Certainly his own life testifies to the fragility of worldly permanence. With both candor and respect for the complexities of circumstance, Martin deftly balances a harsh record of hurtful encounters, failed relationships with women, and financial mismanagement with a compelling and compassionate story of a man much afflicted (with, it appears, some form of Tourette’s syndrome, extreme nearsightedness, chronic abdominal distress and bouts of deep depression) who never fit comfortably into a social niche but rose from repeated personal and professional defeats to produce a body of prose that still surprises with its incisive, vigorous reflection on matters moral, political, scientific and spiritual. He wrote sermons, poetry, scientific essays, political pamphlets, biography, literary criticism, prayers, prefaces and anonymous addenda to other people’s works, often redefining the genre in which he worked. If the measure of the heroic is spiritual and intellectual capaciousness, surely Johnson deserves his lasting status as a hero of English letters.
This biography goes well beyond reaffirmation in its treatment of the intricate interdependence of native genius, psychological need and spiritual longing. Whereas many authors present Johnson’s work in terms of its powerful rationality, Martin not only recognizes but foregrounds the nonrational dimensions of his unusual mind. Johnson practiced a lifelong piety that left him deeply distressed by his abrupt and hurtful behaviors. His Tory sympathies were held in significant tension with abolitionist, populist and what might even be called socialist leanings. He despised imperialism in an age of expanding empire and eschewed the divine right of kings even as he argued in support of monarchy. He supported the arts while holding much artistic practice in contempt. He cared for the poor even as he depended, sometimes abjectly, on the patronage of the very wealthy. He was unmannerly and uncouth but also consummately kind.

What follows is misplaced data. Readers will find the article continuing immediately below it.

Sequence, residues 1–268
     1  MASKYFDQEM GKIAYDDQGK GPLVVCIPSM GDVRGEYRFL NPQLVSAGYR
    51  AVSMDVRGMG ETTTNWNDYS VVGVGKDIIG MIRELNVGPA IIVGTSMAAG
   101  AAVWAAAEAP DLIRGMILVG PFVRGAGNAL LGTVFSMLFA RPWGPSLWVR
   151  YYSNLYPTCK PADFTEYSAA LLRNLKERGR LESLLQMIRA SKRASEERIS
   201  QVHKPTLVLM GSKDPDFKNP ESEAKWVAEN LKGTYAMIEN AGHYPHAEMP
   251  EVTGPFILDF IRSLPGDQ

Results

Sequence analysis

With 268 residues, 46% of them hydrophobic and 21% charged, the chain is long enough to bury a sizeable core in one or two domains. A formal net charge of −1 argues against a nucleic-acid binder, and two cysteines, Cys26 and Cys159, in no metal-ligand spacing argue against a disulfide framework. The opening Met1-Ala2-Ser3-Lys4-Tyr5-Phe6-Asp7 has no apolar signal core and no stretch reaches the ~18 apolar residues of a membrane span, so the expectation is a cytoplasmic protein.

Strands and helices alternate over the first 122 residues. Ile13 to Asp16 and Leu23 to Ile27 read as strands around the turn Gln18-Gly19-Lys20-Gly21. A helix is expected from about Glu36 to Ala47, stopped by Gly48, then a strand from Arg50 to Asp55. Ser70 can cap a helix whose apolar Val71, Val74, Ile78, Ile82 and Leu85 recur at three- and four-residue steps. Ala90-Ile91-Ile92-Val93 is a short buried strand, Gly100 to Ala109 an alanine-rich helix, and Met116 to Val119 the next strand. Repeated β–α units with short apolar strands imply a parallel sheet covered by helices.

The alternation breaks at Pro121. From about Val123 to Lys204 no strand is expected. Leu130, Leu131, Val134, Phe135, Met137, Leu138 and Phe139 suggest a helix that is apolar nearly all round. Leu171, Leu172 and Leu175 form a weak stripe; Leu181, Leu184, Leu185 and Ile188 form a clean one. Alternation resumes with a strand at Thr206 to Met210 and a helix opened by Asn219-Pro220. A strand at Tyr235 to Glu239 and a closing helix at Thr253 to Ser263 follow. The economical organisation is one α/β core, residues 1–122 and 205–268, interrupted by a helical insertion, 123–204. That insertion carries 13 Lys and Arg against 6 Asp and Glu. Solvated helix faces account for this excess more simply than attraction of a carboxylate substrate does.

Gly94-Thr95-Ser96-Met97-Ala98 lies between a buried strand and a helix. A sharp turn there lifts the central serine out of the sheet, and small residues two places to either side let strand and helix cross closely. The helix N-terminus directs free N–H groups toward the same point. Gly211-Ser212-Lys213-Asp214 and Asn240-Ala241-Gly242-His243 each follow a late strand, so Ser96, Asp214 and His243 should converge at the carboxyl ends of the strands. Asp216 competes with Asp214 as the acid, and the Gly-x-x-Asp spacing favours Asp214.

Perhaps the duration of Johnson’s friendships offers the most useful measure of the man. Martin draws on a variety of contemporaneous sources to sketch striking portraits of the remarkable cast of characters who remained doggedly loyal to this difficult, great-hearted giant of a human being. His presentations of Boswell and of Johnson’s other intimate biographer, Mrs. Thrale, who cared for him like family in the latter decades of his life, invite us to reflect on the mystery of affection that is capable of surviving volatile mood swings, occasional verbal abuse and exceedingly odd behavior. Johnson’s wife, Elizabeth (“Tetty”), has her own sad story, in light of which her eventual lapse into indigence and alcoholism seem less a personal failure than a testimony to the lack of social support for women and families that Johnson himself recognized—even though, as a child of a dismal union, he had little training in marital skills.
In these and other vignettes, Martin reminds us that no life can be lived or remembered in isolation. This biography contributes to the deconstruction of a legend even as it reminds us what we stand to gain by allowing, and even encouraging, the unorthodox curiosities, oddball methods, idiosyncratic practices and extrainstitutional extravagance of the gifted among us. Johnson’s was an irregular and unregulated life. As such, it serves as a timely warning against the kinds of institutional control that kill the spirit. Real genius is prophetic, and recognizing, welcoming and fostering geniuses and prophets requires that the rest of us resist the fears that lead to their suppression, that we practice an intellectual and spiritual generosity that can make room for them. The ways they challenge the structures they cannot fit may be a gift to us all.